Republicans are considering a fix to the so-called Harvey Weinstein provision in their new tax law that they acknowledge could inadvertently penalize victims of sexual harassment in the workplace.
Section 162(q) of the Tax Code provides:
“PAYMENTS RELATED TO SEXUAL HARASSMENT AND SEXUAL ABUSE. — No deduction shall be allowed . . . for (1) any settlement or payment related to sexual harassment or sexual abuse if such settlement or payment is subject to a nondisclosure agreement, or (2) attorney’s fees related to such a settlement or payment.”
The provision was meant to stop defendants in sexual harassment cases from being able to deduct their legal fees and their settlement payments where they require confidentiality from their accusers in legal settlement agreements. But the law actually reads that the plaintiff accusers also cannot deduct their legal fees. Of course, most legal settlement agreements have some type of confidentiality or nondisclosure provision. The result is that if a plaintiff recovers $500,000 but must pay her lawyer 40%, the full $500,000 is taxable income to the plaintiff even though she only receives $300,000 (the other $200,000 going to the lawyer). This means the victim is paying tax on money she never receives.
A senior House Republican aide who works on tax policy acknowledged the provision has unintended outcomes and is being discussed as a so-called technical correction to the tax law.
A senior Senate Republican aide said lawmakers are examining the issue. But congressional gridlock before midterm elections in November means there’s no guarantee that the problem will be corrected quickly, if at all. In the meantime, plaintiffs attorneys are buzzing about how the law’s ambiguity is worrying their clients, who fear that coming forward about sexual harassment could now come at a much greater cost.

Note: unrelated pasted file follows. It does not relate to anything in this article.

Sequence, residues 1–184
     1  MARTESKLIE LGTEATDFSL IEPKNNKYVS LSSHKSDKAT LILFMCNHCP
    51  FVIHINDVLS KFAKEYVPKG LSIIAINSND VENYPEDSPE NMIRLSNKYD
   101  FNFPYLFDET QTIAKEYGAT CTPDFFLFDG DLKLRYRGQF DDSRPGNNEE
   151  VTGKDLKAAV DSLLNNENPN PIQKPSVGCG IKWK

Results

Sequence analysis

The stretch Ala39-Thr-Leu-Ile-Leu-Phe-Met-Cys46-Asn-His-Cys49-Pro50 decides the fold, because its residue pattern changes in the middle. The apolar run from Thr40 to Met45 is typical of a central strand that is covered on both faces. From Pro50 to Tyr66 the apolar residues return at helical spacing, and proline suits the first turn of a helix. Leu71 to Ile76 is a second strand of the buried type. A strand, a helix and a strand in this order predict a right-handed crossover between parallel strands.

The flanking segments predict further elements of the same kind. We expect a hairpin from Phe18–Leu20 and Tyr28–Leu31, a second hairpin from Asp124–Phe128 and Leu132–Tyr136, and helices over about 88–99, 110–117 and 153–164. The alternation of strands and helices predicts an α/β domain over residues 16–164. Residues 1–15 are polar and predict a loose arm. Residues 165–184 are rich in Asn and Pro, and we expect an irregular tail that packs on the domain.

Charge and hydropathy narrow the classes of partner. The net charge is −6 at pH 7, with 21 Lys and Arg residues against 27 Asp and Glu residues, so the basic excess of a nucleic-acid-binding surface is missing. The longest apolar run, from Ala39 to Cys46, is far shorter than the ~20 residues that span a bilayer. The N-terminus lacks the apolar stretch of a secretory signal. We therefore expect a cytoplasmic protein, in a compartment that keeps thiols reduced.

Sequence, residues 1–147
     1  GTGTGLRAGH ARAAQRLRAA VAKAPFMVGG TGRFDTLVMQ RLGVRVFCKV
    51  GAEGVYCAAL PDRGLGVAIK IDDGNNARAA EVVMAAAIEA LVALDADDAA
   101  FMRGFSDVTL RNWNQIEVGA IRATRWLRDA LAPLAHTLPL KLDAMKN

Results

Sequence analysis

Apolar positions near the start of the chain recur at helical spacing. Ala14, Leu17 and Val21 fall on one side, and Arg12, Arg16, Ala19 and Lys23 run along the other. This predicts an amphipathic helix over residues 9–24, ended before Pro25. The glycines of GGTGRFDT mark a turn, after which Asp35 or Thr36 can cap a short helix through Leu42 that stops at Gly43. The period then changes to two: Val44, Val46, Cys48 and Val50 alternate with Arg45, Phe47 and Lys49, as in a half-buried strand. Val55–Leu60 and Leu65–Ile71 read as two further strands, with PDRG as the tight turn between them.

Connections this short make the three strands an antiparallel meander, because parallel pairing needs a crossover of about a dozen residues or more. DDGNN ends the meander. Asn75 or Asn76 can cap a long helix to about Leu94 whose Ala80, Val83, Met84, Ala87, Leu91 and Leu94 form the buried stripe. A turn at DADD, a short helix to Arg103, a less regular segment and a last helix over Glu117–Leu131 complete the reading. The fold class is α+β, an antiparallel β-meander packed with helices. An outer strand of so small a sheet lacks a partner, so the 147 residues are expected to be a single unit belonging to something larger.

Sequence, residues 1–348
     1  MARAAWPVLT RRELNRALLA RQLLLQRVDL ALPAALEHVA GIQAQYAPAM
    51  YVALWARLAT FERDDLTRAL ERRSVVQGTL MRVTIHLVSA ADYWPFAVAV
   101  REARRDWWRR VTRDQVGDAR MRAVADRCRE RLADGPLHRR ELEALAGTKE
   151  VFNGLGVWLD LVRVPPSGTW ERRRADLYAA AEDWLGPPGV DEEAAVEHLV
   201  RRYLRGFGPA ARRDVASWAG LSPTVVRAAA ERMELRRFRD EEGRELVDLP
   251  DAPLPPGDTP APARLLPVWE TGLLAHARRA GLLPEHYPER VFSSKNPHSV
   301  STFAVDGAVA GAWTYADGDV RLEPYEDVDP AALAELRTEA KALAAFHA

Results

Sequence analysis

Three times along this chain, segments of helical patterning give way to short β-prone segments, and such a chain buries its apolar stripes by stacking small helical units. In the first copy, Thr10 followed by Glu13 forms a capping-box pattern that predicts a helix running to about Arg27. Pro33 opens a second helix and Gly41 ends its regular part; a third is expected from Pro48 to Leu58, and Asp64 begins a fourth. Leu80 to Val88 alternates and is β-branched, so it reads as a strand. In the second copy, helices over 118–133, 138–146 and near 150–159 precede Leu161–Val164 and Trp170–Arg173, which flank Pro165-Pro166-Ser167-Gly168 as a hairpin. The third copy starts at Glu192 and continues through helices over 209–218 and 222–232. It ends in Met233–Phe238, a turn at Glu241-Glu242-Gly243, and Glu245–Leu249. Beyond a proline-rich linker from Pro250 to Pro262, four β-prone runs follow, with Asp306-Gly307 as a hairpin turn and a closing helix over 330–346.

Major tax reform legislation was signed into law late last year that impacts not only the federal income tax but also other taxes potentially affecting your estate plan (such as the estate, gift, and generation skipping transfer taxes).
The new legislation doubles the estate and gift tax exclusion amount and the GST exemption to $10 million (to be adjusted for inflation), effective for decedents dying and transfers made after 2017 and before 2026. After 2025, the exclusion amount will decrease to the amount calculated under the old law ($5.49 million for 2017).
Additional changes to individual, corporate, and pass-through entity taxation provisions will also impact many estate plans. Some of the provisions included in the law that may affect your plans include:
- Increase in charitable contribution limit for cash donations – the legislation increases the amount of cash contributions to charitable organizations that may be deducted from 50% of a taxpayer’s income to 60% of income for tax years after 2017 and before 2026.
- New deduction for certain business income earned through pass-through entities – the legislation creates a new deduction for individuals, generally equal to 20% of the qualified business income received by the individual from a pass-through business. Certain service businesses (such as law, accounting, investment management, etc.) are excluded, and there are other income limits and conditions placed on the receipt of the deduction.